Dear AVF members
The table below lists CEA-2010 output rated subwoofers in order of their estimated ability to support user listening levels (relative to reference) in rooms of varying sizes.
For some it may be self-explanatory but if you would like to know how to use the table and how and why I created it then take a quick look at it and keep reading further down below where hopefully all is explained.
What’s this thread all about?
Estimating how much subwoofer SPL output capability you need in your AV system in your room and whether or not you currently have it is fundamentally important yet many people (understandably) struggle with this. This thread is all about helping you do this.
THX and Audioholics room size ratings
A home cinema system's subwoofer output requirement is, to a greater extent, a function of listening level, room volume and the low frequency content of the movies being played. Two information sources currently exist that advise on a specific subwoofer model's suitability for particular room sizes. These are THX and Audioholics.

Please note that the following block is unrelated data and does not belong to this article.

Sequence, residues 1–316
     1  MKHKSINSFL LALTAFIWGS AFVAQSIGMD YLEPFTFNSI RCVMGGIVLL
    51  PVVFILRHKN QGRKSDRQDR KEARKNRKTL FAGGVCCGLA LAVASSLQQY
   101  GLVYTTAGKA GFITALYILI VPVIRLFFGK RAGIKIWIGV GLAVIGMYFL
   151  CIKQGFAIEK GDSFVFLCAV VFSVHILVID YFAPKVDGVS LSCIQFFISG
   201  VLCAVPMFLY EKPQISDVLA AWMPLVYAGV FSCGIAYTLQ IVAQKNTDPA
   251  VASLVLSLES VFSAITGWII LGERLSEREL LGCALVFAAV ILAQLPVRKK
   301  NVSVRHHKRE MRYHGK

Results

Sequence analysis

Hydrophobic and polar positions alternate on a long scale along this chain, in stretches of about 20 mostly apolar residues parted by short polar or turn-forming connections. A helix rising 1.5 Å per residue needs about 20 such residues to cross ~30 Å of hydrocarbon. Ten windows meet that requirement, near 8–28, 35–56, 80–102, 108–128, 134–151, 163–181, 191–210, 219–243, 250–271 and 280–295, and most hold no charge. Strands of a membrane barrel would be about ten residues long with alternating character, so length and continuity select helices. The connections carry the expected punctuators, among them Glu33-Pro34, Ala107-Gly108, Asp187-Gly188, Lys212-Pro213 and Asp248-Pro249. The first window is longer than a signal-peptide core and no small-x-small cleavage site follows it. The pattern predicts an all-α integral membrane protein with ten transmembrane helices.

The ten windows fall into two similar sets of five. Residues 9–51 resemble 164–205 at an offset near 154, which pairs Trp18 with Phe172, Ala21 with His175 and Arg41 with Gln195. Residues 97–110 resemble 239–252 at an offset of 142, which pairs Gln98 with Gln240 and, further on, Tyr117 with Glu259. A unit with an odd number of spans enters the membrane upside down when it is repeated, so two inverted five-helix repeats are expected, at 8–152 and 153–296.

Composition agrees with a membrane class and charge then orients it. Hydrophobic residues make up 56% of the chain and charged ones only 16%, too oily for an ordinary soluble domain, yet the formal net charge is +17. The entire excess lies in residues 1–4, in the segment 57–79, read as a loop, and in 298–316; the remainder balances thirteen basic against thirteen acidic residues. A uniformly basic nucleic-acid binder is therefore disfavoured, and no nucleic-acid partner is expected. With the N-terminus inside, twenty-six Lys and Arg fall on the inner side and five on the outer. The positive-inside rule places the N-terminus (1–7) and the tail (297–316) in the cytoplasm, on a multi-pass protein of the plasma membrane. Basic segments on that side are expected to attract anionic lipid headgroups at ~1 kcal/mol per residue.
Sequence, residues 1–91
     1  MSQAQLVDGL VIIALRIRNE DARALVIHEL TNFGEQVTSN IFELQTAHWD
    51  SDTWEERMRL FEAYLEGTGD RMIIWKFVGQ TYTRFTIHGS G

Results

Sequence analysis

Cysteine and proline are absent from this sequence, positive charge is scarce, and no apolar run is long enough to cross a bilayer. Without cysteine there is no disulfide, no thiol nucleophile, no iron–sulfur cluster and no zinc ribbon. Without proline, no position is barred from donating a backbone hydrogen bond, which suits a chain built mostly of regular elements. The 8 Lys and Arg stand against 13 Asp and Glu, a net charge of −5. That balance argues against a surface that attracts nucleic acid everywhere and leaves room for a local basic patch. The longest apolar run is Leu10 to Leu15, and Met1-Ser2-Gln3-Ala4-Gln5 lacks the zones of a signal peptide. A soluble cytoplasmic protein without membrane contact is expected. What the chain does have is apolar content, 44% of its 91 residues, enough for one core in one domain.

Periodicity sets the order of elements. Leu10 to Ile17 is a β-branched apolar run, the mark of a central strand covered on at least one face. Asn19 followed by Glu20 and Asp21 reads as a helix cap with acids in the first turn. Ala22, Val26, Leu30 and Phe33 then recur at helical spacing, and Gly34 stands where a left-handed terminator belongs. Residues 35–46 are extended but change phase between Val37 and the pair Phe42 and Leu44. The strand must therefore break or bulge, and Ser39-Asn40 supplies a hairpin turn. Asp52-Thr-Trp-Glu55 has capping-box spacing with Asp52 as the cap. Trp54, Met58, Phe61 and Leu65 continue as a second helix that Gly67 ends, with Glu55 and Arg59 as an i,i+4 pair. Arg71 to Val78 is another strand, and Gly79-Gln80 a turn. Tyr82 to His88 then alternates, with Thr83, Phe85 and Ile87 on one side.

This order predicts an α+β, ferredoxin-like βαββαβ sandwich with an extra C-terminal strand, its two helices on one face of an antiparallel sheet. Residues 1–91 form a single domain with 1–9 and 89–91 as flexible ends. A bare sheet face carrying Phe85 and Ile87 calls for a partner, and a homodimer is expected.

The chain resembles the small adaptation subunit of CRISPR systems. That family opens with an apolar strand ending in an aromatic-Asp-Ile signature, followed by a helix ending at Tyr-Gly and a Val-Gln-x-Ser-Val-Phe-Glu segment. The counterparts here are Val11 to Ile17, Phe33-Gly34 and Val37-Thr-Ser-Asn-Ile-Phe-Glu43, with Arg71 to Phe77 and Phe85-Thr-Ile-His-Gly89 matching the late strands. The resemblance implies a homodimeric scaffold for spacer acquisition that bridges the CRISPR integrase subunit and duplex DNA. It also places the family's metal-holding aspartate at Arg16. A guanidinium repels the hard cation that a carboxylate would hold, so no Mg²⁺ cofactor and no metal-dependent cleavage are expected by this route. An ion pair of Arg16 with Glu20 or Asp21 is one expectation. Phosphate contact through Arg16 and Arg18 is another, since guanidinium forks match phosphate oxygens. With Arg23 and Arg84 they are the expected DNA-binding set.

THX has its Select, Ultra and Dominus programmes under which it tests and certifies subs as being capable of achieving cinema reference level in 2,000Ft3, 3,000Ft3 and 6,500Ft3 rooms respectively.
THX’s certification method isn’t published but a requirement is widely believed to be that frequency response must be flat to 20Hz. So to be THX certified, a sub must be able to hit 115dB reference level peaks with minimal distortion at 20Hz. Very few manufacturers choose to participate in this programme these days so unfortunately very few THX certified subwoofers exist. You will however find THX certified subwoofer models from Monoprice, Perlisten and M&K.
In contrast, AV guru website Audioholics (“AH”) assign room size ratings to the many subs it reviews and measures based on its estimate of their ability to hit 115dB at 31.5Hz (and 109dB at 25Hz) in rooms of different volumes from under 1,500Ft3 to over 5,000Ft3.